Other things that should put an immediate thaw on the so-called freeze: Trump is a loser—he lost the 2020 race even more dramatically than he won the 2016 contest. Even losers can stage comebacks, such as Richard Nixon did in 1968 after losing the 1960 squeaker to John Kennedy. But such rallies from defeat are exceedingly uncommon in American politics. Trump can bellow all he wants about how the election was “stolen” from him. He can stage his own counter-inauguration on the pretext that he’s still president. He can even change his first name to “President,” but it won’t scratch out the big “L” next to his name in the standings. It might take a few weeks after he leaves office and takes his political circus on the road and hooks up with (or buys) a cable network, but the loser stink has descended on Trump, and it won’t be easy to wash off.
The idea that Trump sails on huge reservoir of political capital also feeds the freeze-out argument. But is he really that potent of a political figure? Trump did worse in the November election than did down-ballot Republicans, indicating that Trump’s election-night tail is as docked as a Doberman’s. In other words, Republicans are more popular in many places than the erstwhile leader of their party.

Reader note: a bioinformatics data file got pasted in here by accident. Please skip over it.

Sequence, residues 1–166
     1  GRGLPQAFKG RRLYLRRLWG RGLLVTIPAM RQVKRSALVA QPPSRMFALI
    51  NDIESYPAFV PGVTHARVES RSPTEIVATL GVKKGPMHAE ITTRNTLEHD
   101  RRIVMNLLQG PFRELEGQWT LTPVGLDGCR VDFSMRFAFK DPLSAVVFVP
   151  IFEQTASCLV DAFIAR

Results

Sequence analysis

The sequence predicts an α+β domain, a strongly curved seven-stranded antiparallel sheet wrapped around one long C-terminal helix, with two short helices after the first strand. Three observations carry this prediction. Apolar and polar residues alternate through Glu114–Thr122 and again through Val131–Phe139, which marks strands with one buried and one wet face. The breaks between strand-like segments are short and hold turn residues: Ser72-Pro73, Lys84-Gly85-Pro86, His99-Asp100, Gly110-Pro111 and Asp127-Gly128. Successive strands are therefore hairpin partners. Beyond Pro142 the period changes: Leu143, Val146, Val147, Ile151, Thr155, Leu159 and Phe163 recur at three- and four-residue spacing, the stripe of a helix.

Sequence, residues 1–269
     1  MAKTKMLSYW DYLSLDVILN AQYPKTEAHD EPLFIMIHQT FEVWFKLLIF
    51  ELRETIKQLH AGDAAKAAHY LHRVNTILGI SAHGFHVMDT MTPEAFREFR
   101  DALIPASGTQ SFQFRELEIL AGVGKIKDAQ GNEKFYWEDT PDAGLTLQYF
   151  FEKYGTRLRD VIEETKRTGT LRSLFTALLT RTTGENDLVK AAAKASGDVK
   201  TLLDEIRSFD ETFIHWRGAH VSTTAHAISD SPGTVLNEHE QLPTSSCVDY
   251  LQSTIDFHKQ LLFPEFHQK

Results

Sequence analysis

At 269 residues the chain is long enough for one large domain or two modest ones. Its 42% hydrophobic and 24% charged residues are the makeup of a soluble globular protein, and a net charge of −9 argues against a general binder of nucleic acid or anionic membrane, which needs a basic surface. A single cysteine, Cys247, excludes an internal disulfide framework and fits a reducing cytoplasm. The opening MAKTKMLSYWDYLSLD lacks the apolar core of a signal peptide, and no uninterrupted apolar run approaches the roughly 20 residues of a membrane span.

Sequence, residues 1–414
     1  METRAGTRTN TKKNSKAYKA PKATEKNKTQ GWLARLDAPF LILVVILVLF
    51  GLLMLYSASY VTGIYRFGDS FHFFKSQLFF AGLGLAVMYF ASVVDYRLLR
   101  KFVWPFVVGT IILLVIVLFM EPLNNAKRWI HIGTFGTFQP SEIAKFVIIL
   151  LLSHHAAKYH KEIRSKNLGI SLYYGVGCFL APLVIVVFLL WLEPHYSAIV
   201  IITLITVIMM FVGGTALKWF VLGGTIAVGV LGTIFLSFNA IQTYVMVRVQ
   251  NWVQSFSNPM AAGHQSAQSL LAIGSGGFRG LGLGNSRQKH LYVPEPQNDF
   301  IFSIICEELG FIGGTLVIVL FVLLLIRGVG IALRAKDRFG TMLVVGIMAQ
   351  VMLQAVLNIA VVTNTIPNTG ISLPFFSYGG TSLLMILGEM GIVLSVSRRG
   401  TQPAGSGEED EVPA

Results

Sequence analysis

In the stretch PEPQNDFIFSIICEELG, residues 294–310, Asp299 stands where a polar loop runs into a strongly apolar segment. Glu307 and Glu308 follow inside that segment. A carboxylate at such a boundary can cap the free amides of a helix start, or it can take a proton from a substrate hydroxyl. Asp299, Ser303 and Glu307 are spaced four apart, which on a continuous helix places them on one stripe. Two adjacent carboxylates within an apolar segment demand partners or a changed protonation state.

Other evidence of Trump’s alleged staying power includes his magisterial powers of endorsement. Yes, a Trump endorsement can rally Republican voters, but according to an analysis in Politico Magazine, his power to swing primaries with just a tweet seems a little padded. Yes, his record of endorsements looks winning, and he boasts about it, but many of the candidates he backs are running unopposed, are incumbents, are cinches to win anyway, or receive his endorsement in the late going when they look like winners.
“Indeed, there have been dozens of Republican primaries in which Trump has not endorsed—primaries of all ilks, from uncontested Senate races in Michigan and Georgia to bitter intraparty battles like those in Tennessee’s 1st Congressional District or New Mexico’s 2nd,” FiveThirtyEight reports. “There was also at least one race, for Senate in Kansas, where Trump was urged to weigh in but didn’t, possibly because he didn’t want to come down on the wrong side.”
The 2024 field didn’t get to where they are by hiding their brains under their pillows, so they at the very least have intuited Trump’s political weaknesses. So why haven’t they reached the obvious conclusion and acted on it? Why should I go first, one can imagine Tom Cotton or Ted Cruz telling themselves. Why should I do something so conspicuous and risk angering Trump and alienating his supporters when I can bide my time and strike after he stops being president and starts being just another voice in the crowd? Why be courageous when chicken-heartedness is the better bet?
Until a Republican in good standing with the party actually challenges Trump, we won’t have an accurate sense of what sort of power he has to recrown himself—or anybody else—president. The fact that none of the imagined 2024 contenders from his will of the party—Cotton, Cruz, Mike Pompeo, Nikki Haley, Mike Pence, Josh Hawley, Marco Rubio, et al.—have stuck their necks out yet says more about their timidity than Trump power to crush them. Once a Trump opponent lands a punch on him and gets away with it, a Komodo Dragon-style feeding frenzy will ensue.
Who will have the guts to take the first bite of Trump?